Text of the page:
A friend called me out on that the other day, saying I was actually an ultra-romantic at heart. Ahh… it’s true, I can begrudgingly admit this now – even though I have firmly declared multiple times for the last couple years that I have retired from dating FOREVER AND EVER, and have no qualms about telling people this when they express interest. I’m stubborn.
So instead of dealing directly with my discomfort around vulnerability and my desire for deep soul-fusing out-of-this-world intimacy, it is easier to scorn romantic love and privately judge and roll my eyes at people who seem to always need a partner, or those who are heartbroken at the end of a relationship. I tell myself: “I am WAY too independent for that. Relationships are such a hassle… and lead to so many personal compromises… and steal your freedom!”
I feel super vulnerable just admitting that as I write it! My natal chart really helped me to see this denial/projection more clearly. I do have a lot of markers of independence and a need for freedom in my chart, but… I’m still a romantic Pisces through and through.
An example of the second type of projection – judging someone who has something I am ashamed for lacking or being deficient in:
Except for one outer planet, which doesn’t really count, I essentially have NO Earth placements in my chart. I’m primarily a Water and Fire mix with a Gemini Moon, and therefore, rather deficient in the practical focus that Earth placements bestow. And yet I have this challenging Saturn-Moon opposition which is always telling me to work harder.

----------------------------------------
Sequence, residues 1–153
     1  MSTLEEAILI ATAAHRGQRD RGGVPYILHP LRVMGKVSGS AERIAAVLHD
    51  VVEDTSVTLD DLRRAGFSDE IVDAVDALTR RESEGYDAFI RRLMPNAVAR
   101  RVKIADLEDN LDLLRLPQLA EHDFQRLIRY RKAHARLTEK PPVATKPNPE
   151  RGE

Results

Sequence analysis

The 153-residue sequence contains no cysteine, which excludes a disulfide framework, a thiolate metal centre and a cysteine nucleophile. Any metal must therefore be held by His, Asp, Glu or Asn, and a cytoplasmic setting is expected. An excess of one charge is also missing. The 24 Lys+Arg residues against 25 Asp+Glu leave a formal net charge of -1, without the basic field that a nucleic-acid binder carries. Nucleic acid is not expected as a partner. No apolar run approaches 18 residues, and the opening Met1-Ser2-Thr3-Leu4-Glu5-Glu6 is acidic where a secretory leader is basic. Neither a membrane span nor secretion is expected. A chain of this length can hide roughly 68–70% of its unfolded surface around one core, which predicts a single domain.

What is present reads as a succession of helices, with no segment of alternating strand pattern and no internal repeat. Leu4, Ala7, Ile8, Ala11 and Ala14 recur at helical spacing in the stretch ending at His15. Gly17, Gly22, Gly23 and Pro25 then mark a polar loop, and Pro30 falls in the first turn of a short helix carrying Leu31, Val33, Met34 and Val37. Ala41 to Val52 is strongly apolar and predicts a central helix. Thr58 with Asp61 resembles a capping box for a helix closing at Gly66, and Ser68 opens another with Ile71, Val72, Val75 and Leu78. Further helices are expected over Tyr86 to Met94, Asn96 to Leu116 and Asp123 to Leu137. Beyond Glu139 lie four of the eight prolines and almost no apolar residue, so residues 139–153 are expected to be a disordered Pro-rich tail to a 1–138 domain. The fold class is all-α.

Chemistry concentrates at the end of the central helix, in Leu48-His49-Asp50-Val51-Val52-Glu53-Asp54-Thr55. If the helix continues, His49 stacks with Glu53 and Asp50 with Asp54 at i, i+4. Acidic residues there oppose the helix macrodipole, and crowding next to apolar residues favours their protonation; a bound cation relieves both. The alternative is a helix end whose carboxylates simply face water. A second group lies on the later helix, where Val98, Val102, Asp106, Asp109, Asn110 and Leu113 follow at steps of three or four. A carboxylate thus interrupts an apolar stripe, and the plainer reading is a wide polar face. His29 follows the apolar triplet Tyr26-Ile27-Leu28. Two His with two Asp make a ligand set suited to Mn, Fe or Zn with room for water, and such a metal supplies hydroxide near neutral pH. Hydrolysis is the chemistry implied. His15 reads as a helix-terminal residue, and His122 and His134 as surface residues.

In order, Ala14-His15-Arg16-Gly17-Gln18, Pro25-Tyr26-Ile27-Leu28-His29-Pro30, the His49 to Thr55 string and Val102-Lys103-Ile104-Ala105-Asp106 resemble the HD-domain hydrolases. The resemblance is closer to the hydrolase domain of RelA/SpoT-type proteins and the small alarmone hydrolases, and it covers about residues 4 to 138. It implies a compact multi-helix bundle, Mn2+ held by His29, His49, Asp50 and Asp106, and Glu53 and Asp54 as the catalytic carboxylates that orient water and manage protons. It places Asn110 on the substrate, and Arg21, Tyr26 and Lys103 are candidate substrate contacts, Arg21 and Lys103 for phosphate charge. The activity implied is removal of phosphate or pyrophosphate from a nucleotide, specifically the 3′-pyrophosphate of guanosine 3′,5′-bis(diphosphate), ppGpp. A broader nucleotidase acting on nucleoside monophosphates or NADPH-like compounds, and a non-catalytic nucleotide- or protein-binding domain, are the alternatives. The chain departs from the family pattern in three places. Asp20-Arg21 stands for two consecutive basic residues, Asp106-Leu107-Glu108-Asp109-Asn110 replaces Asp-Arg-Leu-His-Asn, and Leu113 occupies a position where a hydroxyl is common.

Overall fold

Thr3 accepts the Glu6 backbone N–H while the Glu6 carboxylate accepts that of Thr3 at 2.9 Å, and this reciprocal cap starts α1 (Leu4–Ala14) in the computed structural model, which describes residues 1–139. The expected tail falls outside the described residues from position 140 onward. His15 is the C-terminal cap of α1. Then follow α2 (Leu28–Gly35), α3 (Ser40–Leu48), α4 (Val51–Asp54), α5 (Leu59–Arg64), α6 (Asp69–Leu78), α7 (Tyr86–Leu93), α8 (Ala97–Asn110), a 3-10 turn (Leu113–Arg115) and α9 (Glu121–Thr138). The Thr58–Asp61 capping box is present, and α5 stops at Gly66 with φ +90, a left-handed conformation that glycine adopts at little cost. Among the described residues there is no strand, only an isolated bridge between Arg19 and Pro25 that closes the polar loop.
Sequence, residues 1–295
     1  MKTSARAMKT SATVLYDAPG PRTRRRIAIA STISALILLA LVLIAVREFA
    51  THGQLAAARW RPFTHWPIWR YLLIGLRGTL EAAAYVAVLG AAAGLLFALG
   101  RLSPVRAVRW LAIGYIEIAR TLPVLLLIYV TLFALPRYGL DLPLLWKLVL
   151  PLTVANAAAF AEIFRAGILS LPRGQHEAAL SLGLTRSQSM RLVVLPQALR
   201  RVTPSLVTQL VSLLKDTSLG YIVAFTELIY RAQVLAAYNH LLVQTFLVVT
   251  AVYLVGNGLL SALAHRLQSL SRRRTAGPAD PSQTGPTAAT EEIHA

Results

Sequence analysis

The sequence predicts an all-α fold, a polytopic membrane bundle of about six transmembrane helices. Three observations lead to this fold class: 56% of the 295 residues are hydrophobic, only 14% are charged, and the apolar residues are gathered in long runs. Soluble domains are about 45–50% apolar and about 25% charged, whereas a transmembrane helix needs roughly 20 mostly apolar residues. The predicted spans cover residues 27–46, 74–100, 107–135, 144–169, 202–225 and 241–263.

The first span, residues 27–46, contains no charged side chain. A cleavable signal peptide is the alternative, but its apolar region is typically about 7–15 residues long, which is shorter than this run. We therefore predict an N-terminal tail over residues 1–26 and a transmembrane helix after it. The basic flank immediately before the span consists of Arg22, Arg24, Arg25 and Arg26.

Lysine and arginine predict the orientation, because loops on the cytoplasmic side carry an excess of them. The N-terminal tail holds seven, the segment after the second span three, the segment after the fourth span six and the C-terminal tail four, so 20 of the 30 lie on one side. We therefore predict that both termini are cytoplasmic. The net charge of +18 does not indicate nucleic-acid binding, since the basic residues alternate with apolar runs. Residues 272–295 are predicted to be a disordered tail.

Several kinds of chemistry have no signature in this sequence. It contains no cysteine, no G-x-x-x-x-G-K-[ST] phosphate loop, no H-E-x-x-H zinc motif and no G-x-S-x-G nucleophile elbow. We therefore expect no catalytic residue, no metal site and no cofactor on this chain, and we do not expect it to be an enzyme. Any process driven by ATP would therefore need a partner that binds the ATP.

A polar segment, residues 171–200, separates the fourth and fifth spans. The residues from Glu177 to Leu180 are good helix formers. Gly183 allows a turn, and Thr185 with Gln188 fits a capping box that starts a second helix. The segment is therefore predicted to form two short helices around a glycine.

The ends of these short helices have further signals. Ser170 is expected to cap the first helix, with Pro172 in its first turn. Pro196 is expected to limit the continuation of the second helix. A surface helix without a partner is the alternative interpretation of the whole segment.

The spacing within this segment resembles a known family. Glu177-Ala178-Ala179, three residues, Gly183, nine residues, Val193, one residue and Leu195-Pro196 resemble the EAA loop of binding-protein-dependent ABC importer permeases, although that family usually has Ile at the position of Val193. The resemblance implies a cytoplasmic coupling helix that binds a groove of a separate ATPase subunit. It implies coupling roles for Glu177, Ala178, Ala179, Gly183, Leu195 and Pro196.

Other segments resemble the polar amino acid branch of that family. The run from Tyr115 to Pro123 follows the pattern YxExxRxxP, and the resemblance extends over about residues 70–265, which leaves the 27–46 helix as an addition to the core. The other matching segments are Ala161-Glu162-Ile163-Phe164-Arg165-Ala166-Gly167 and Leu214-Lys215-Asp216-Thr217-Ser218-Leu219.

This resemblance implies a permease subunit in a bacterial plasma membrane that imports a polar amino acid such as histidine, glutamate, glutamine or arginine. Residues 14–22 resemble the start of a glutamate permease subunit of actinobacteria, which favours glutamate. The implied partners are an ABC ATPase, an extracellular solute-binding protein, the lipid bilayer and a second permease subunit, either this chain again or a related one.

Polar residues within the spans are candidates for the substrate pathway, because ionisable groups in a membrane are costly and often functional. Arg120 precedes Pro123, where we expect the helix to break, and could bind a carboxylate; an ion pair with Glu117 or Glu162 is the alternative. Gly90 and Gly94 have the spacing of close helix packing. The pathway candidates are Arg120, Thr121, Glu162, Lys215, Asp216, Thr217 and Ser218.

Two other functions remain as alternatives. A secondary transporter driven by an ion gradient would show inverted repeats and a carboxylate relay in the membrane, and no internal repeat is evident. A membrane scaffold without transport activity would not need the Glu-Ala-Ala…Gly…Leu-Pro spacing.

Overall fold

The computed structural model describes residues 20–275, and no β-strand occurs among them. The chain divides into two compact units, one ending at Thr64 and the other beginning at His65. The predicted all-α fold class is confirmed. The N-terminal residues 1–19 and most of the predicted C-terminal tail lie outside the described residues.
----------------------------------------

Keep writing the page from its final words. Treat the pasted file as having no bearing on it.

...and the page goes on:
After previously being a very driven and ambitious workaholic, I’ve had a really difficult couple of years where I have not felt capable of working. Earlier this year it was an achievement to have a shower. Or eat. Or do laundry. I really lost trust in my capacity to do life in a basic sense, and I carry a lot of shame around that.
And so… I’ve now found myself struggling with judging (rather than admiring) those who successfully and responsibly manage full time jobs and work very hard to achieve financial security. Why? Probably because I judge myself for being irresponsible and lazy, and so to deflect some of my shame I start judging other people while simultaneously feeling demoted by comparisons to them.
It feels so gross to admit that, but the projection itself is a clue to turn inward and address that shame or internal conflict with honest self-appraisal and self-compassion.
Notice when you are feeling self-righteous about something and judging someone else in order to feel better about yourself – that’s a pretty big hint there is probably some denial and projection going on.